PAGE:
Most of my friends (including my husband) prefer to be in a city or at least close to a city. I do have some who like me do not want to live in the city but most at least want to be near one because of something that I haven't quite understood. What I glean from them is that there is "more to do" (which is true in some cases - theatre, opera, ballet, art museums) and there is definitely better shopping (although with the internet that is not necessary anymore). I respect this attitude as being completely valid and quite popular (look at the population of Seattle compared to Bow, WA) but I can not relate to it no matter how hard I try.
Two days in a row downtown reminded me of why I am so much happier living in the semi-rural suburbs than I am in the city (or as I like to say "we couldn't afford to move all the way to the woods so we live next door to the woods"). I was thinking a lot about this while stuck in traffic on the way home from work yesterday. Getting down Mercer St. from the waterfront to the freeway takes at least a half hour to forty minutes (even though I doubt it's over a couple miles) during rush hour. Sometimes it takes as long to get that couple miles as it does to get from Seattle to the exit off I-5 to go East toward our town (if you're in the HOV lanes - not if you're in normal traffic). But it's not the traffic really that bothers me. Cars are so comfortable now with cd players and iPod hook-ups and heat and air conditioning and if you're parked in traffic (which often happens on Mercer) you can read your email on your iPhone, and if you're carpooling it's like being on a coffee date in the car.
Well, one reason is that since I've not had a horse, it's been the holidays and I've been doing a lot of time sitting in my office at work two full days a week and at home at the dining room table at my computer trying to catch up on work when I'm not in the office - I've actually gained about five pounds over the last couple weeks. Ugh. So, on a completely physical level it's better for me when I'm out at the barn every day. And that will resume one of these days when I'm not so far behind at work trying to learn everything and fix all the mistakes I've already made, and when I have a new horse I need to be out every day riding or taking care of.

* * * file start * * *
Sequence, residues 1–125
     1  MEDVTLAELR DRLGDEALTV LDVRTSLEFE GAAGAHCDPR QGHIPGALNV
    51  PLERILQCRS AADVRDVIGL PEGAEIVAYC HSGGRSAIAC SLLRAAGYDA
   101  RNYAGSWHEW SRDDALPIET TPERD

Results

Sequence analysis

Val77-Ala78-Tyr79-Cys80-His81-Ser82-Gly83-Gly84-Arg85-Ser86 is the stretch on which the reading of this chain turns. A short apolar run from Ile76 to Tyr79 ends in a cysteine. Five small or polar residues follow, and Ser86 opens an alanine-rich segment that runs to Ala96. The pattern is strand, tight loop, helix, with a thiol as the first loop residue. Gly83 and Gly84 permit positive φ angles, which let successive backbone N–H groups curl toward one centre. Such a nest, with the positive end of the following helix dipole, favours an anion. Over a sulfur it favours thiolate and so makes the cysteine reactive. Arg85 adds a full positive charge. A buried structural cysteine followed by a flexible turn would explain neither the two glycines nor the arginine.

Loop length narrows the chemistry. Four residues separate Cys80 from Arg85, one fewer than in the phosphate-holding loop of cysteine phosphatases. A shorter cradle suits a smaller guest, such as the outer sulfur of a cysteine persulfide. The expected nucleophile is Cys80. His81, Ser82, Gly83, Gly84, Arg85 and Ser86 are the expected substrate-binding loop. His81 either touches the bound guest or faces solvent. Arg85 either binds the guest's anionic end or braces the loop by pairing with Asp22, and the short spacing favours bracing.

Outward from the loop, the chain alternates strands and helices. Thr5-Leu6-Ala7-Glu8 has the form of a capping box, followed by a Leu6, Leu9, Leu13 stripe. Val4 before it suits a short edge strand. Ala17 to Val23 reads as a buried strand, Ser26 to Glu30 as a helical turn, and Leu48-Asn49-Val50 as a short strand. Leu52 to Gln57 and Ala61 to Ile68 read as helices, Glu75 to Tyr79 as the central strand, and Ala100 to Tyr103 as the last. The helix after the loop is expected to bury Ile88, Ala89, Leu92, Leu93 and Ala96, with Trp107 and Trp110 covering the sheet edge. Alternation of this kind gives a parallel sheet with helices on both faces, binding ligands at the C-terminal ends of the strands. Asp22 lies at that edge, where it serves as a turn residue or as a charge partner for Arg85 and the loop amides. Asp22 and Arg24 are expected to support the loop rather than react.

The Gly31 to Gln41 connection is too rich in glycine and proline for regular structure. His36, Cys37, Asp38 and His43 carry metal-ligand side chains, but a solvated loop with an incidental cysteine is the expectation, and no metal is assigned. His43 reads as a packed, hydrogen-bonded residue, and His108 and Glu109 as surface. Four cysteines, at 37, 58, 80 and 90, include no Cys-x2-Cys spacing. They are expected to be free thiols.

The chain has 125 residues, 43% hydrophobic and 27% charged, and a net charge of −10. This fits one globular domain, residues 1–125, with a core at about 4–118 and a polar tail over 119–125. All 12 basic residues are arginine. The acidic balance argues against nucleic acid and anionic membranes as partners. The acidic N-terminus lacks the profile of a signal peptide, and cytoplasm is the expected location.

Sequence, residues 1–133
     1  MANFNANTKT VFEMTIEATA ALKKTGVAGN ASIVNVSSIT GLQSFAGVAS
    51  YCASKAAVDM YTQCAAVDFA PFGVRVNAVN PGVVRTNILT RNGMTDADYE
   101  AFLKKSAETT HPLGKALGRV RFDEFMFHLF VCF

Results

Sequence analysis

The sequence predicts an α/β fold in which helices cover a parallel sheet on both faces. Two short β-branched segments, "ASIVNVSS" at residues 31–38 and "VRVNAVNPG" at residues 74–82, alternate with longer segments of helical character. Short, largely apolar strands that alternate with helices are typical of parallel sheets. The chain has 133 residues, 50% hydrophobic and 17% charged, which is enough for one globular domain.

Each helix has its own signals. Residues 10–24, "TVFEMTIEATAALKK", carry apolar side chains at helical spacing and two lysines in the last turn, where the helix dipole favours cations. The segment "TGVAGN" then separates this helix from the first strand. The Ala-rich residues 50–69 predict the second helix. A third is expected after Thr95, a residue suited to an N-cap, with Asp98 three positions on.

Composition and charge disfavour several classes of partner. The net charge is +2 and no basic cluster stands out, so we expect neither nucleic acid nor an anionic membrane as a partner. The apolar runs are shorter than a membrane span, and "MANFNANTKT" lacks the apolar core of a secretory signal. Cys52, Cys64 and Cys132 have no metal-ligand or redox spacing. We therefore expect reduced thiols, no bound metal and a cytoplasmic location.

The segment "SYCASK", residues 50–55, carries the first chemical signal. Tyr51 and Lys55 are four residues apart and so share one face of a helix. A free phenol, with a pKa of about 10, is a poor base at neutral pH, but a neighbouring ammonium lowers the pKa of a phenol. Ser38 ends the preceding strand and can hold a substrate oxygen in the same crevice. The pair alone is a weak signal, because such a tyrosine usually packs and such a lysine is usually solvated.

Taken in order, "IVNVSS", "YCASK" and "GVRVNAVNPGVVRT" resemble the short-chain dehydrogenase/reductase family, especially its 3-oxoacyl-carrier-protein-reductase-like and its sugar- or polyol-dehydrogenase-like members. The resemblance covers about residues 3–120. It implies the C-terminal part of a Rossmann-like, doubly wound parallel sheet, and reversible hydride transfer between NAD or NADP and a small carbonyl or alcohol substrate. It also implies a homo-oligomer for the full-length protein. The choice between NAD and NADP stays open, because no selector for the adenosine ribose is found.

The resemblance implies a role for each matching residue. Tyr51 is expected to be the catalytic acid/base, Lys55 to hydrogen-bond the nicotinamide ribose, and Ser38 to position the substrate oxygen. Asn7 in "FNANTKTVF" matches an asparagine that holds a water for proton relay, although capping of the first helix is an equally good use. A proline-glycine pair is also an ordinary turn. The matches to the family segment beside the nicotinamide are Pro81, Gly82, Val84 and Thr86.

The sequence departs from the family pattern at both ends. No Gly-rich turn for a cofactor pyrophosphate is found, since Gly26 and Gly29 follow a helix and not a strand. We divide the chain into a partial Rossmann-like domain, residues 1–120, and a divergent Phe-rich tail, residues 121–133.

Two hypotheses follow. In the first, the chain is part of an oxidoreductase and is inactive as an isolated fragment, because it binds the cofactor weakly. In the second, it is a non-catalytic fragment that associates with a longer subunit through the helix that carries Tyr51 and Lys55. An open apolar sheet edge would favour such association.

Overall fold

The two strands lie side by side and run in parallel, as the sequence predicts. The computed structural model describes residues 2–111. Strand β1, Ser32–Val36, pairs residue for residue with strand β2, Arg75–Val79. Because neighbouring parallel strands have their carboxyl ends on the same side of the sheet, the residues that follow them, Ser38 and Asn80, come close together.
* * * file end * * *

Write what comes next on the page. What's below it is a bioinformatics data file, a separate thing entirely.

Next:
But I thought about what if I had my old life where I lived in a downtown neighborhood and worked in an office (pre-kid days). I guess granted back then because it was also pre-RA kicking my butt days (I only had small flare-ups maybe a couple times a year at most and very briefly) I did spend a lot of time at the gym. I guess now that I think about it the gym definitely made me feel better and helped me retain somewhat of an ounce of sanity. So, if I ever end up having to live in the city again I just need to live near a gym where I can go swimming and lift weights.
One thing about the city though that does not change is I find it draining. I have tried to explain that to other people who don't experience it and have never fully been able to express it. I have one friend - my horse vet actually - who experiences the same thing. Otherwise I usually just get this perplexed look that gets more perplexed as I try to explain, "I feel drained ... um ... and depressed ... and um ... I don't know how to explain it." If I used the word "depressed" of course people just assume I am talking about a much deeper underlying issue or "wherever you go - there you are" "if you're depressed in the city you'll be depressed in the country". But oddly enough that is not the case. Since we moved out here I have slept better, felt better and been much happier and more relaxed.
I wonder if anyone other than myself and my friend/vet feel this way? I wonder if people feel that way in the country - if they feel depressed and drained until they are back in the city? I wonder what that is about? I wonder if I had grown up in the city if I would feel this way or if it is because so much of the comfort I found as a child was in the woods and with animals? It's just one of those things I wonder. I tried so hard for years to be happy living in the city but the only way I could stand it was to surround myself with "country-esque" things - making a garden in a bare spot of land by my apartment or in window boxes, having lots of pets and trying to find apartments that had trees outside the window.